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Lloyd Waters: Resolutions for 2012? Try Ben Franklin's list

January 01, 2012|By LLOYD WATERS

Now I’m not much on making New Year’s resolutions, but I do attempt to make each new day a little better than yesterday.

One of my favorite people from history is Ben Franklin.  He was indeed a unique individual who died at the age of 84 and was perhaps the most interesting founding father of our country.

At the age of 20, Franklin had a desire to become a better individual and developed a list of 13 virtues that he would record in a small book he carried to track his progress. If he violated any one of the items he would place a small dot in the column next to that virtue.  

Franklin apparently had an earnest desire to improve his character and become a more virtuous man.  

I thought I might share his list with you in the event you needed some ideas on improving your own character in 2012.

The 13 virtues that were included on Franklin’s list are provided as follows:

1. Temperance: Eat not to dullness; drink not to elevation.

2. Silence: Speak not but what may benefit others or yourself; avoid trifling conversation.

3. Order: Let all your things have their places; let each part of your business have its time.

4. Resolution: Resolve to perform what you ought; perform without fail what you resolve.

5. Frugality: Make no expense but to do good to others or yourself; i.e., waste nothing.

6. Industry: Lose no time; be always employed in something useful; cut off all unnecessary actions.

7. Sincerity: Use no hurtful deceit; think innocently and justly, and, if you speak, speak accordingly.

8. Justice: Wrong none by doing injuries, or omitting the benefits that are your duty.

9. Moderation: Avoid extremes; forbear resenting injuries so much as you think they deserve.

10. Cleanliness: Tolerate no uncleanliness in body, clothes, or habitation.

11. Tranquility: Be not disturbed at trifles, or at accidents common or unavoidable.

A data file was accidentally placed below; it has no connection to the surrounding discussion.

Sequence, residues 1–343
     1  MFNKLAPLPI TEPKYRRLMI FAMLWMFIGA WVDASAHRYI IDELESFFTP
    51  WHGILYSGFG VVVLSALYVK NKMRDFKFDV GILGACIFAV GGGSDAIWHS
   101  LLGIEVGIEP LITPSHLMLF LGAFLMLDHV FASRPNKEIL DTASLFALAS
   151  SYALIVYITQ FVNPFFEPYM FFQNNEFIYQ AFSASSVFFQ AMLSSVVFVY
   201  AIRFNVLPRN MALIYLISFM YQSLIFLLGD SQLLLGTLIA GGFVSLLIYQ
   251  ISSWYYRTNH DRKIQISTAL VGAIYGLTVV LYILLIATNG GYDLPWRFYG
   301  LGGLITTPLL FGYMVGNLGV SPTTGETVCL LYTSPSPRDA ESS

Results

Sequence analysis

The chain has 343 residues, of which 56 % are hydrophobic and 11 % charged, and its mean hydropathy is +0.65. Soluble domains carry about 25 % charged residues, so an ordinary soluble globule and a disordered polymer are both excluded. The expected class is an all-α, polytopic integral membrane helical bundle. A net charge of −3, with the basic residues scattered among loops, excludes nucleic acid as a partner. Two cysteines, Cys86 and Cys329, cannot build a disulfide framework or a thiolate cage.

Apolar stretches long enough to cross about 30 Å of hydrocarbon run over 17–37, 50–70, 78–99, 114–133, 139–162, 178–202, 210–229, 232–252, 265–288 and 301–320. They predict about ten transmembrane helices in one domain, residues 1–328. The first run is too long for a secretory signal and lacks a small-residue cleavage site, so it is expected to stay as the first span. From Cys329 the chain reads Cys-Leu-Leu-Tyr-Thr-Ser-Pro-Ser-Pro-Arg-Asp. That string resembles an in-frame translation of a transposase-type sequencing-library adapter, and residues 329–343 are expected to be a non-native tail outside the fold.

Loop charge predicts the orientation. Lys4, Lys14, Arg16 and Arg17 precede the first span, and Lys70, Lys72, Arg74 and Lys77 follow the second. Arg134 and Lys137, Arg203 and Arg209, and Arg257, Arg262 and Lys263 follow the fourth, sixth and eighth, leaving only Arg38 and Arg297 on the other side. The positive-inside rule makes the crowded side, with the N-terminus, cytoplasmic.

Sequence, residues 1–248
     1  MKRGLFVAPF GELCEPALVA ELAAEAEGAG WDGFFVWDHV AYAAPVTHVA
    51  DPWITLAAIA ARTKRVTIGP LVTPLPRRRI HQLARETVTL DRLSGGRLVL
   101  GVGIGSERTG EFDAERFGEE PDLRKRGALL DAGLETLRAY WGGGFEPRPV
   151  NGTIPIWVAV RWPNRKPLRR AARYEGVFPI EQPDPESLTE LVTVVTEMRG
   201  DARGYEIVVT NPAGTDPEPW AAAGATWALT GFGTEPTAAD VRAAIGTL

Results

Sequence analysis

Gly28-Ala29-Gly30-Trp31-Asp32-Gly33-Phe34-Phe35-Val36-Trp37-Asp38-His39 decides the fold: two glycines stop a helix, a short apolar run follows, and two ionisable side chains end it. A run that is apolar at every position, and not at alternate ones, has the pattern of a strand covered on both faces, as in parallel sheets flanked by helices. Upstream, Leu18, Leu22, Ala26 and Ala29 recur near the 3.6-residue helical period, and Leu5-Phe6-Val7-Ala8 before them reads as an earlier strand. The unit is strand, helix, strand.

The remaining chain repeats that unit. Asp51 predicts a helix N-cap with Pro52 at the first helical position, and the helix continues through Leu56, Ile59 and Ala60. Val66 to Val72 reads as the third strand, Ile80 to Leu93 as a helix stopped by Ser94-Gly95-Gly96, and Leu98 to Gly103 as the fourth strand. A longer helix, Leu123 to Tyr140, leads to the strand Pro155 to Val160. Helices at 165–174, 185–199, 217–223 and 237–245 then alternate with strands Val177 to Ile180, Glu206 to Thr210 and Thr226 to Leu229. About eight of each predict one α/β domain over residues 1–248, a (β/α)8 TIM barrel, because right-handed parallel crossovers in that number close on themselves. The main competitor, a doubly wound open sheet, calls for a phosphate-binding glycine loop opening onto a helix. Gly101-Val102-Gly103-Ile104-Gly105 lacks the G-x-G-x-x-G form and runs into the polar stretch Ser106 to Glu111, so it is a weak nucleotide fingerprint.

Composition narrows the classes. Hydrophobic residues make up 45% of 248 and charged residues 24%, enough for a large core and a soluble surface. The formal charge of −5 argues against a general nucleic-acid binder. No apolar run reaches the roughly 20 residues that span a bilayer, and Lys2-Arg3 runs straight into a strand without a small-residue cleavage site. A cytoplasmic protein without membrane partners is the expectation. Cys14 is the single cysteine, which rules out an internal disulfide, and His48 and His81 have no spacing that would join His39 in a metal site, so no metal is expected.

12. Chastity: Rarely use venery but for health or offspring, never to dullness, weakness, or the injury of your own or another’s peace or reputation.

13. Humility: Imitate Jesus and Socrates.

On a rotating basis, Old Ben would select one specific virtue to concentrate on weekly.  He would then focus on that virtue during the week while also noting his daily progress on the remaining virtues.  

Perhaps Franklin’s simple approach in developing his character and striving to become a better person gave him the foundation to achieve all the great things he did for our country.

Instead of making my own resolutions this year, I am giving some thought to following Ben Franklin’s program.

Moral perfection was certainly unattainable for Ben Franklin, just as it would be for you and me, but I believe his attempts to better himself, nonetheless, represents an  effort that probably sustained him well  throughout his life.  

I wondered, too, how our country might benefit if this approach was taught in our schools and embraced by every citizen and our elected officials of today.  

Several of these virtues will surely present some challenges for an old Dargan boy, but just maybe, I might manage to identify some weaknesses and become a better person in 2012.

How did Ben Franklin fair in his efforts to achieve moral perfection?

By examining recorded history, we might conclude that he had some difficulties on occasion but he also had many successes.  

What was Ben’s own evaluation?

Franklin summed up his progress with the following remark:

“Tho’ I never arrived at the perfection I had been so ambitious of obtaining, but fell far short of it, yet I was, by the endeavor, a better and a happier man than I otherwise should have been if I had not attempted it.”

If my own results are as good as old Ben’s, I just might be a little better off myself ... besides, a little virtue never hurt anyone.

Lloyd “Pete” Waters is a Sharpsburg resident who writes columns for The Herald-Mail.

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